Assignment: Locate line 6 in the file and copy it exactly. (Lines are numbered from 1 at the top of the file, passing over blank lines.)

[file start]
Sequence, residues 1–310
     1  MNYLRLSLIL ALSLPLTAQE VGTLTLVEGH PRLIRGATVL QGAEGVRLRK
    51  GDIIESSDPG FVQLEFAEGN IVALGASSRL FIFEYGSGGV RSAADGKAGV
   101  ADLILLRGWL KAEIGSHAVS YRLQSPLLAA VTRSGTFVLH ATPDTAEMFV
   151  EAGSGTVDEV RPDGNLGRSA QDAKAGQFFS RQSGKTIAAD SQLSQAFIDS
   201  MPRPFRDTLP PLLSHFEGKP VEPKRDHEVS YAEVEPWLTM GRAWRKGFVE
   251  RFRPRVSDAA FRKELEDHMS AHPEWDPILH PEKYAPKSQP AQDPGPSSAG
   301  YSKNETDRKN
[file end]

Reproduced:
   201  MPRPFRDTLP PLLSHFEGKP VEPKRDHEVS YAEVEPWLTM GRAWRKGFVE